Dear PoPville – Dog Park Etiquette?

Photo by PoPville flickr user idit.

Dear PoPville,

My wife and I are the new owners of a wonderful rescue dog, adopted through City Dogs Rescue. She loves going to the dog park, and we’re wondering if the folks out in Popville can clue us in to any unwritten rules for the park. How much should we supervise our dog? Should we intervene if the dogs start playing rough? What other etiquette should we know? We’d love to hear what people think.

44 Comment

  • Here are two important things to keep in mind…

    – Always be aware of your dog’s location: There are people who bring their dog to the park, set it free, and bury their nose in a book. Don’t do that. You don’t necessarily have to be right next to her all the time, but be aware of where she is.

    – Intervention becomes necessary if you think it is: You know your dog better than anyone else. If there’s rough play that you’re not comfortable with or your dog is not comfortable with, intervene. Don’t worry about whether another owner will be offended. It’s your dog to keep your dog safe.

  • It’s best to be social with the other dog owners, for the most part let the dogs be dogs. Rough play is okay, but IF there’s a fight, and you will know, DO intervene. Nobody wants anybody, getting hurt. DO NOT put your hand between fighting dogs, IF YOU MUST, and it’s likely you will, push (kick) them apart with the flat part of your foot.

    Honestly, make friends with the other owners, every dog park is different, and I’m sure they’d appreciate and be happy to answer all your doggie type questions.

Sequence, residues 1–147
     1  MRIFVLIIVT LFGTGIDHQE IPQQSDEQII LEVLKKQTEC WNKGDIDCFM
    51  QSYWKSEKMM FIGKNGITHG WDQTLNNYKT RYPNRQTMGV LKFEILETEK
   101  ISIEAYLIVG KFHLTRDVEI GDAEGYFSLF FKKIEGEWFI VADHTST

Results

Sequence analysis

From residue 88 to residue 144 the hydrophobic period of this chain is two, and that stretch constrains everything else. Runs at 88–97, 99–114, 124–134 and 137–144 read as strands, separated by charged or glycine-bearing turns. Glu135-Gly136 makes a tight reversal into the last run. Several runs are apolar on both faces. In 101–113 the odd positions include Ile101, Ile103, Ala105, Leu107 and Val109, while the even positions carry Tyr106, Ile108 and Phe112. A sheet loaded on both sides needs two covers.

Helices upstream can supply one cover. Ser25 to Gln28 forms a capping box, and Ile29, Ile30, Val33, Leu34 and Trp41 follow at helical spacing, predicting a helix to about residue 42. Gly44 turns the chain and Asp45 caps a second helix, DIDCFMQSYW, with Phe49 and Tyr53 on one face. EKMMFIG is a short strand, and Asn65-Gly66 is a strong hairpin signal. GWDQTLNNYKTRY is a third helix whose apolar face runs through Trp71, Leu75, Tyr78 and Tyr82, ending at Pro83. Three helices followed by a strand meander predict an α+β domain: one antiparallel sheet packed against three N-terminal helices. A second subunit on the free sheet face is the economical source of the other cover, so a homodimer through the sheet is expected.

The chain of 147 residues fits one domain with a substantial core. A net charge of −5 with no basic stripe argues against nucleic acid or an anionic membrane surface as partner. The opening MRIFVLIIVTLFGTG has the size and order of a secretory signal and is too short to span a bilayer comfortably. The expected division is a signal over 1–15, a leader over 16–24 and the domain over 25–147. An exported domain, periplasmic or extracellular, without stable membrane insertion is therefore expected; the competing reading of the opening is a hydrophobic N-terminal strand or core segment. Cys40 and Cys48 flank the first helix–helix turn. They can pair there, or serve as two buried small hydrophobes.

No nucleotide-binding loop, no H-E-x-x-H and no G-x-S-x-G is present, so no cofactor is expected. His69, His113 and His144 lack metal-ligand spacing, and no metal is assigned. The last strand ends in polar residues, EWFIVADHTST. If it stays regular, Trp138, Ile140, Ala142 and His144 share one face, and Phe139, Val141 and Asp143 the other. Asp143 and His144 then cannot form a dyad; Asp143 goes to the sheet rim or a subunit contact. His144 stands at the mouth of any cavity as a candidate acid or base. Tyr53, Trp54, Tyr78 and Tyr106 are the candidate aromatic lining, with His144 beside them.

• Another way to separate dogs is to pick up their hind legs and pull them away from each other.

      • Congrats on your new dog and kudos for adopting!

        Yeah, don’t put your foot in there. Like Anon said, pull them apart by their hind legs.

        Like others have said, don’t be that person who drops their dog in the middle of the park then gets on the cell phone, buries themself in a book, turns their back on their dog, etc. Pay attention at all times.

        Also, you are responsible for your dog’s behavior. If it is jumping all over people, harrassing a dog who appears not open to such harrassement, etc., you need to make sure it stops or remove your dog.

        Lastly, don’t use the dog park as the dog’s sole outlet for exercise. Take the dogs on a brisk walk for 15-20 minutes before you arrive to the park, that will help get rid of the that excess energy that seems to cause a lot of the problems at the dog park.

        • The last rule depends on the dog, I think. I have little ones that don’t need more than a 10-minute walk anyway, so the park is just a bonus.

  • You should keep an eye on your dog at all times. Always pick up after them obviously. I would advise against bringing dog treats. If there’s a toy they’re possessive over, don’t bring it.

    Don’t be too overly sensitive about playing “rough”. It’s natural for dogs to play rough and many times an owner can create a problem that wasn’t there by getting involved. Also, since you’re new to the dog park, it’s important to respond appropriately to your dog’s energy. i.e. if he/she is nervous, don’t coddle him/her, don’t pet and say it’s ok…you’re just reinforcing the nervous feeling. It’s actually better to ignore this behavior and let the dogs teach him/her that it’s all good to be part of their pack.